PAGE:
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Nitrousbird

I want to convert my trailer from 14" wheels to 18"

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Nitrousbird

Trailer is a 2001 SMP. Has 14" rims currently.

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Has disc brakes on both axles (replaced by previous owner), and bearing buddies, all done last fall.

I don't want to dump a fortune into the conversion. I am partly justifying it because I need desperately need 2 new tires for my 18' car hauler, and all 4 rims on it suck. I would be able to use these rims/tires on it offsetting some of the cost.

I figure the lug pattern is 5x4.5" I have 4 17x9.5" Konig Flights that would fit (drilled for 4.5 and 4.75) but are obviously way too wide.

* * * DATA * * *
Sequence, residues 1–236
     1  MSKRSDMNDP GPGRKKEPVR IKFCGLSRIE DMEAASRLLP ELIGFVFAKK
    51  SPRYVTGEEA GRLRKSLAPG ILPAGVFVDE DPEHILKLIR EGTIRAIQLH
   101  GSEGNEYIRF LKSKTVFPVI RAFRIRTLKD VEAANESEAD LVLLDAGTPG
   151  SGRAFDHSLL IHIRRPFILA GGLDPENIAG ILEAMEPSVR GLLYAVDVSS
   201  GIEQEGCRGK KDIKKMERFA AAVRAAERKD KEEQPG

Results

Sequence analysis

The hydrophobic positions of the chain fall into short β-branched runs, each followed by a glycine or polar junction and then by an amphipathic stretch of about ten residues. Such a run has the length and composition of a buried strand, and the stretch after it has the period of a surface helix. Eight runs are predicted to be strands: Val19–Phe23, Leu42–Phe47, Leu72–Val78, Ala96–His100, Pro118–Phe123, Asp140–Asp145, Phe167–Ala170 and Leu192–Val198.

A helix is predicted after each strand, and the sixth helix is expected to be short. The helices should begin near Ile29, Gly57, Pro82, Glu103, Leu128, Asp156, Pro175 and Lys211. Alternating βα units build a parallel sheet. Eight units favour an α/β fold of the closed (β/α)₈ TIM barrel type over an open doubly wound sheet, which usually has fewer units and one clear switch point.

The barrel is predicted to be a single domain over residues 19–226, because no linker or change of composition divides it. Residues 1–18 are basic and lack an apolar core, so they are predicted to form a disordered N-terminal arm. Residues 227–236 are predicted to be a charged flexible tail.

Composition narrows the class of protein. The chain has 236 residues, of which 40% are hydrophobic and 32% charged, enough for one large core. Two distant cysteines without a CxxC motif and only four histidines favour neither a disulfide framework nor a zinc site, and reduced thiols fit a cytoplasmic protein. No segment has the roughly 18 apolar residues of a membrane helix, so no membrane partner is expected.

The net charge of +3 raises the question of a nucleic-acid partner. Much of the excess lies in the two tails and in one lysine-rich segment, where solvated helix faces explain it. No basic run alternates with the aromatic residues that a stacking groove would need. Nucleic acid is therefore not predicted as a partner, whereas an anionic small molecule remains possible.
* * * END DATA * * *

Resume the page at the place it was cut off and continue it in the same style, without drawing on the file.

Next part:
- What width will fit under the stock fenders? Or am I stuck upgrading to wider fenders?

- What is the proper offset?

- I also question what wheels will fit over the center hubs, as they stick out a decent ways with the bearing buddies. Or am I stuck running an open hub wheel?

- Tire size suggestions?

I'm willing to go 17" rims as well - nothing smaller than that though.

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Soon2BV

Here are some things to consider -

Measure your tires and the ones you want to add. Determine if they will fit under the fenders (height) or if you need to raise them.

Measure the width of the tires and wheels. Will you have clearance at the inside (what is the depth of the wheel hub from the rear and how much room between the trailer frame and the hib) and will you have clearance at the outside at the fender?

Next is, how much do you tow? You will have a hard time (impossible?) finding trailer tires bigger than 15". Trailer tires are made to be twisted and loaded in a way that vehicle tires are not. Regular vehicle tires don't have the sidewalls that trailer tires have. (Have someone pull you boat slowly around a corner and watch the tires.) If you tow a long way and often, the new tires may not hold up to the loading.